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Organic farming: only organic farming could harm the climate

2019-10-22T15:36:40.083Z

Good for the environment and the climate: Organic farming beats conventional agriculture. But only if millions of people eat differently. Otherwise, greenhouse gas emissions could even rise.



Regional super, international but a disaster? This could be the summary of a new study on organic farming published by British researchers in the journal Nature Communications (Smith et al., 2019). They have calculated a scenario in which England and Wales would switch to 100 percent organic farming. Their result: not only up to 40 percent less income could be the result. Also, food imports would increase, agricultural land would expand abroad, and at the end of the bill, domestic organic farming would even produce more greenhouse gases, such as carbon dioxide (CO2), than predominantly conventional agriculture.

The study is a kind of thought experiment to highlight the effects of certain factors. The four authors do not refer to it in the whole area of ​​Great Britain, because the data for England and Wales were more extensive. And they start from an unrealistic starting situation: the complete country-wide restructuring of agriculture and the simple assumption that the people in England and Wales continue to feed themselves as they do today. Only one decisive factor among others.

Organic farming usually has the advantage

In general, organic farming performs better in many areas than conventional land-based farming. In particular, when it comes to keeping soil fertile in the long term, to build up nutrients or to avoid harmful effects of artificial fertilizer as much as possible.

In terms of emissions of greenhouse gases - the aspect that the current study primarily considers - organic farming would have the advantage, at least regionally: in England and Wales, the organic cultivation of grain, fruit and vegetables would reduce emissions by a good 20 percent , the output from livestock husbandry would go back by about four percent. But the price for it, argue the British researchers, would be a loss of crop yields, so food would have to be imported from abroad to make up for it. The authors of the study estimate that up to five times more land would be needed worldwide to satisfy the current demand and nutrition of the Welsh and English population. All this would have climate damaging consequences through additional transport routes and conventional land use abroad.

"Although organic farming undoubtedly has local environmental benefits, such as carbon storage in the soil, lower pesticide loading and improved biodiversity, we have to offset this against the demand for increased production elsewhere," said Guy Kirk, one of the study authors, in a press release Cranfield University. His colleague and study leader Laurence Smith emphasized that, in particular, the potential effect on land use must be taken into account: "A net reduction in greenhouse gases could only be achieved if accompanied by a significant increase in bio-crops or a major change in national diets. "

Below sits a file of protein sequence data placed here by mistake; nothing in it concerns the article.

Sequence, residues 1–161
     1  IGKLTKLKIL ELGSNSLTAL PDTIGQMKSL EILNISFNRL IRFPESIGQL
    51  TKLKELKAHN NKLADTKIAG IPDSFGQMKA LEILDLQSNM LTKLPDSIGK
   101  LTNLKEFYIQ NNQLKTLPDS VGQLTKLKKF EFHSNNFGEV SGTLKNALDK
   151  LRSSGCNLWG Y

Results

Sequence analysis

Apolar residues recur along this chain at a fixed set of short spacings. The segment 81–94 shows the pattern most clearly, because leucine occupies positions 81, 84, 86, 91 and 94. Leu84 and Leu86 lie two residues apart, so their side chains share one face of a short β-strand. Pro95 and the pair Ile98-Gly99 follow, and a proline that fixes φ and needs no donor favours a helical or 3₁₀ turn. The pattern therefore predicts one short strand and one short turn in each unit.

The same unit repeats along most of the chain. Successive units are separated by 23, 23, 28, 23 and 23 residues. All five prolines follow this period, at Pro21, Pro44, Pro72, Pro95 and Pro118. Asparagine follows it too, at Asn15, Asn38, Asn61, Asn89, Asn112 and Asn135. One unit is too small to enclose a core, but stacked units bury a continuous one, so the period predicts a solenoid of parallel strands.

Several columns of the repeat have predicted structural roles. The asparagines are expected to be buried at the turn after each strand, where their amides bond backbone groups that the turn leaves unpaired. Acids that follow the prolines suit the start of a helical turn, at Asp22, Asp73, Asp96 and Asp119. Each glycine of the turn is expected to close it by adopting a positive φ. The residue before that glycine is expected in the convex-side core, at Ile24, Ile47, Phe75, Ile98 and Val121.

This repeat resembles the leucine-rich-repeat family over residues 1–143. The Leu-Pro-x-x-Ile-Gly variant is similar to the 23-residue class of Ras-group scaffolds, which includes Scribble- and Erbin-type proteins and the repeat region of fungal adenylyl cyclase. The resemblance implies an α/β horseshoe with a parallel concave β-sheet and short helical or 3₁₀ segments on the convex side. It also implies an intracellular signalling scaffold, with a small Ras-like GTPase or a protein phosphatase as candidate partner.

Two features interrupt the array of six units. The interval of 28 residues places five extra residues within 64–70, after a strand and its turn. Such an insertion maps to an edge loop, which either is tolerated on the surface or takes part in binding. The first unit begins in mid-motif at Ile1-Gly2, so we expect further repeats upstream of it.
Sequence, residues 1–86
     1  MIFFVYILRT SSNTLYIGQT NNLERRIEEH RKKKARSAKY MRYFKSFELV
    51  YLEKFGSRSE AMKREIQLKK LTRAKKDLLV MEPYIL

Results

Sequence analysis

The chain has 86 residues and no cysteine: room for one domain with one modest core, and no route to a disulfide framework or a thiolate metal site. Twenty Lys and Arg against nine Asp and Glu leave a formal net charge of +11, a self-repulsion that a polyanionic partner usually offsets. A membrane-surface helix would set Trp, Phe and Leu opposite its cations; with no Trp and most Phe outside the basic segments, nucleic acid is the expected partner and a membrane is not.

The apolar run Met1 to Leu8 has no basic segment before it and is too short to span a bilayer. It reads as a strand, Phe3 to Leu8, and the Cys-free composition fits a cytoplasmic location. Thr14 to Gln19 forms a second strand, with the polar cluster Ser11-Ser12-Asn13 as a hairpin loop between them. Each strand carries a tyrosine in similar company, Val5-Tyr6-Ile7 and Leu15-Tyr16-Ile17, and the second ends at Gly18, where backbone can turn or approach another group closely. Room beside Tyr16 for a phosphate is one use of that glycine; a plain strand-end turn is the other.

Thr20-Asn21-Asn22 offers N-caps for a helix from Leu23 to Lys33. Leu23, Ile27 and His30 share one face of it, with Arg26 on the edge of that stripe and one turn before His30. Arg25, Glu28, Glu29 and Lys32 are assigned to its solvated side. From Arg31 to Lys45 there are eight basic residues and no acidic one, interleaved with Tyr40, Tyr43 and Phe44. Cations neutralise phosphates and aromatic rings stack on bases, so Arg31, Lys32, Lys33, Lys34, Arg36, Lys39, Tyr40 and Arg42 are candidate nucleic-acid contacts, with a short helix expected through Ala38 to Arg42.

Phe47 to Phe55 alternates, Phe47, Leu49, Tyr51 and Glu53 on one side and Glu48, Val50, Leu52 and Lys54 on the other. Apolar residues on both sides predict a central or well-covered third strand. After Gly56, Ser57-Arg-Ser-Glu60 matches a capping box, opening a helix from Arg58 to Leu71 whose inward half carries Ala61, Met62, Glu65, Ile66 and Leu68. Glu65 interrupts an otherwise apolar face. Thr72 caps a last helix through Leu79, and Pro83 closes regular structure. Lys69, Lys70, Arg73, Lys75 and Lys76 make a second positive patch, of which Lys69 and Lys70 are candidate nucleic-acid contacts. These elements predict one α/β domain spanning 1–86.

Especially little steak, roast and sausage, more greens and nuts - that would be part of a human and environmental sensible diet. This year, physicians introduced it to Lancet magazine (The Lancet: Willett et al., 2019). The so-called planetary diet protects the health of individuals as well as nature and climate.

By contrast, the current study did not consider this aspect any further. Nevertheless, Stefan Frank from the International Institute for Applied System Analysis in Austria considers it an "interesting 'what-if-if' '. He told the Science Media Center (SMC) in Germany ( see box ). While the assumptions on agriculture in England and Wales are detailed, researchers have chosen "a very simplified method of calculation for greenhouse gas emissions". He therefore considers the study authors' conclusion that emissions saved in their own country would be neutralized by more land use abroad and that even more greenhouse gases would be released into the atmosphere on the balance sheet is less well documented.

In addition, the question arises as to whether lower yields in organic farming could be compensated for without large areas having to be tilled elsewhere. "At present, about 25 to 30 percent of the world's agricultural products are not in the stomach of consumers," explains Frank. They are lost, for example through crop losses and food waste. According to experts, in the EU, more than half of all discarded food ends up in private households in the bin. Klaus Butterbach-Bahl of the Karlsruhe Institute of Technology reported to the SMC that lower yields in organic farming and food waste could theoretically cancel out. Ultimately, it would be "illusory to assume that no more food is thrown away," said the expert in biogeochemical processes.

Source: zeit

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